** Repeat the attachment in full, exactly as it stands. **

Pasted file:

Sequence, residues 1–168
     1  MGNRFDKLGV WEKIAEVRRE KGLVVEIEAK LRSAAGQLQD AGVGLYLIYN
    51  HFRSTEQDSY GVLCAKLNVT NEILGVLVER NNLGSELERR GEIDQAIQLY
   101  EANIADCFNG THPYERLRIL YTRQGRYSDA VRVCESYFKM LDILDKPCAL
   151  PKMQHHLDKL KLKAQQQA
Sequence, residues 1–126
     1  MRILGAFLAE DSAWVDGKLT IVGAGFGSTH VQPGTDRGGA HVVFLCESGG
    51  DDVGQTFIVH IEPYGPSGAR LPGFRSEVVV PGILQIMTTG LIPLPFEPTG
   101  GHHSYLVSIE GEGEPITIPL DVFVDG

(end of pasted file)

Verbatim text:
Sequence, residues 1–168
     1  MGNRFDKLGV WEKIAEVRRE KGLVVEIEAK LRSAAGQLQD AGVGLYLIYN
    51  HFRSTEQDSY GVLCAKLNVT NEILGVLVER NNLGSELERR GEIDQAIQLY
   101  EANIADCFNG THPYERLRIL YTRQGRYSDA VRVCESYFKM LDILDKPCAL
   151  PKMQHHLDKL KLKAQQQA
Sequence, residues 1–126
     1  MRILGAFLAE DSAWVDGKLT IVGAGFGSTH VQPGTDRGGA HVVFLCESGG
    51  DDVGQTFIVH IEPYGPSGAR LPGFRSEVVV PGILQIMTTG LIPLPFEPTG
   101  GHHSYLVSIE GEGEPITIPL DVFVDG